Period Persona – Hereward the Wake

hereward the wake.l

Hereward the Wake

Born: c. 1035

Died: c. 1072

Also known as Hereward the Outlaw or Hereward the Exile. was an 11th-century leader of local resistance to the Norman conquest of England.

Hereward is an Old English name, composed of the elements here “army” and weard “guard” (cognate with the Old High German name Heriwart). The epithet “the Wake” is recorded in the late 14th century, and may mean “the watchful”, or derive from the Anglo-Norman Wake family who later claimed descent from him.

The existence of Hereward is not generally disputed, though the story of his life, especially as recounted in the Gesta Herewardi almost certainly contains exaggerations of his deeds and some outright fictions. The Gesta Herewardi is a Middle Latin text, probably written around 1109-31.

The earliest references to his parentage make him the son of Edith, a descendent of Oslac of York, and Leofric of Bourne, nephew of Ralph the Staller. Alternatively, it has also been argued that Leofric, Earl of Mercia and his wife Lady Godiva were Hereward’s real parents, however it is improbable that if Hereward were a member of this prominent family, his parentage would not be a matter of record.

According to the Gesta Herewardi, Hereward was exiled at the age of eighteen for disobedience to his father and disruptive behaviour, which caused problems among the local community. He was declared an outlaw by Edward the Confessor. At the time of the Norman invasion of England, he was still in exile in Europe, working as a successful mercenary for the Count of Flanders, Baldwin V.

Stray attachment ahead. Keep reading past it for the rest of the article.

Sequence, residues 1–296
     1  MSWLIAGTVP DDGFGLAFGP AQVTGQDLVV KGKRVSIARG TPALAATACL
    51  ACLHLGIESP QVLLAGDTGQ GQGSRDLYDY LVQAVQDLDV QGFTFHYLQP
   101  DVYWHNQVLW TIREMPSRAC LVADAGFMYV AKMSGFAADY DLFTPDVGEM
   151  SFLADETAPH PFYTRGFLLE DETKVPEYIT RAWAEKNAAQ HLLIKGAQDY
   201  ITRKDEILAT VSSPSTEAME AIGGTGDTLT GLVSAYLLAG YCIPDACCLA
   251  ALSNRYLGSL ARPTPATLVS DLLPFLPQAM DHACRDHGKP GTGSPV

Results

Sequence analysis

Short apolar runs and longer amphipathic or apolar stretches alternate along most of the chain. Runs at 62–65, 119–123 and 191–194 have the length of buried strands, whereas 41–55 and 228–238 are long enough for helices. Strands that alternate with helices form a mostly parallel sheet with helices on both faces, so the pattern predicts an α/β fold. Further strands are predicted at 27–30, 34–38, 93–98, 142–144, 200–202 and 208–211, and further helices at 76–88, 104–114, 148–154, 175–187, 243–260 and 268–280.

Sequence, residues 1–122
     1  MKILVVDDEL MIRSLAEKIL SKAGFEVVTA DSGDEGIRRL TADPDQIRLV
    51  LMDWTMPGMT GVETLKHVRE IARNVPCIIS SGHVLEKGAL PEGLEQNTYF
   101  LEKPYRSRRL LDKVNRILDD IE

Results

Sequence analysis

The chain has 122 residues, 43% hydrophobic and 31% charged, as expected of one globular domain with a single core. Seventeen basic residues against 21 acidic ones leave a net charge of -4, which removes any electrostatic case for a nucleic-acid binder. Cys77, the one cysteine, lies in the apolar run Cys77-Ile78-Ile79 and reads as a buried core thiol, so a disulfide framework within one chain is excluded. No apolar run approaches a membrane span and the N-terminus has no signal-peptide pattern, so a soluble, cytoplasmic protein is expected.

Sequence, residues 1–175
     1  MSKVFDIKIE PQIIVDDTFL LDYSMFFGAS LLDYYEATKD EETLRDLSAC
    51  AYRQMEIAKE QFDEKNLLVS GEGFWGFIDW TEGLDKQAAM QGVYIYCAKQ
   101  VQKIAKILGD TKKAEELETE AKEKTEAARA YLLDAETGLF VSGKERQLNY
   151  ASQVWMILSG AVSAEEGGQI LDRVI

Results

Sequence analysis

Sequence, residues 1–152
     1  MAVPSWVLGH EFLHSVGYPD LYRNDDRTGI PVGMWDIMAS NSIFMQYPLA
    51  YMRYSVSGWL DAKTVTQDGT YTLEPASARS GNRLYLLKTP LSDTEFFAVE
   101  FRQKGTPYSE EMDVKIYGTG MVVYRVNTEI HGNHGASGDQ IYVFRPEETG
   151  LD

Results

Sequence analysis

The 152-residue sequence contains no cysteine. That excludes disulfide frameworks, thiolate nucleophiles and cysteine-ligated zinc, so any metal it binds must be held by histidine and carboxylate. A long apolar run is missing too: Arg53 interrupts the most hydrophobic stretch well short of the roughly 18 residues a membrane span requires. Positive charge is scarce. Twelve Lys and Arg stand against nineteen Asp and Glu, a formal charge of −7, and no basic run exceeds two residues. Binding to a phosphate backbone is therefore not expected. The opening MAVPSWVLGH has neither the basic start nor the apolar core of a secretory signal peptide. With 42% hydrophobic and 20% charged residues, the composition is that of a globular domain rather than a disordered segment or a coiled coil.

Hereward returned to England in late 1069 or 1070. The Gesta says that he discovered that his family’s lands had been taken over by the Normans and his brother killed with his head then placed on a spike at the gate to his house. Hereward took revenge on the Normans who killed his brother while they were ridiculing the English at a drunken feast. He allegedly killed fifteen of them with the assistance of one helper. He then gathered followers and went to Peterborough Abbey to be knighted by his uncle Abbot Brand. He returned briefly to Flanders to allow the situation to cool down before returning to England.

In 1070 Hereward certainly participated in the anti-Norman insurrection centred on the Isle of Ely. In 1069 or 1070 the Danish king Sweyn Estrithson sent a small army to try to establish a camp on the Isle of Ely. Hereward appears to have joined them. Hereward stormed and sacked Peterborough Abbey in company with local men and Swein’s Danes. His justification is said to have been that he wished to save the Abbey’s treasures and relics from the rapacious Normans led by the new Norman abbot who had ousted his uncle Brand.

The epithet “the Wake” is first attested in the late fourteenth-century Peterborough Chronicle, ascribed by its first editor, Joseph Sparke, to the otherwise unknown John of Peterborough. There are two main theories as to the origin of the tag. The usual interpretation is that it means “the watchful”. A second theory claims that the name was given to him by the Wake family, the Norman landowners who gained Hereward’s land in Bourne, Lincolnshire, after his death, in order to imply a family connection and therefore legitimise their claim to the land. The family claimed descent from Hereward’s daughter by his second wife, Alftruda.

The existence of Hereward is not generally disputed, though the story of his life, especially as recounted in the Gesta almost certainly contains exaggerations of his deeds and some outright fictions. The fact of Hereward’s participation in the events at Ely is attested in early documents such as the annal for 1071 in the Anglo-Saxon Chronicle. Another text of the Chronicle also tells of his involvement in the looting. Early sources say nothing about him other than the fact that he was at Ely and that he led the last band of resisters. Hereward nevertheless remained a minor figure until the Victorian period, when the idea of native Anglo-Saxon heroism became popular.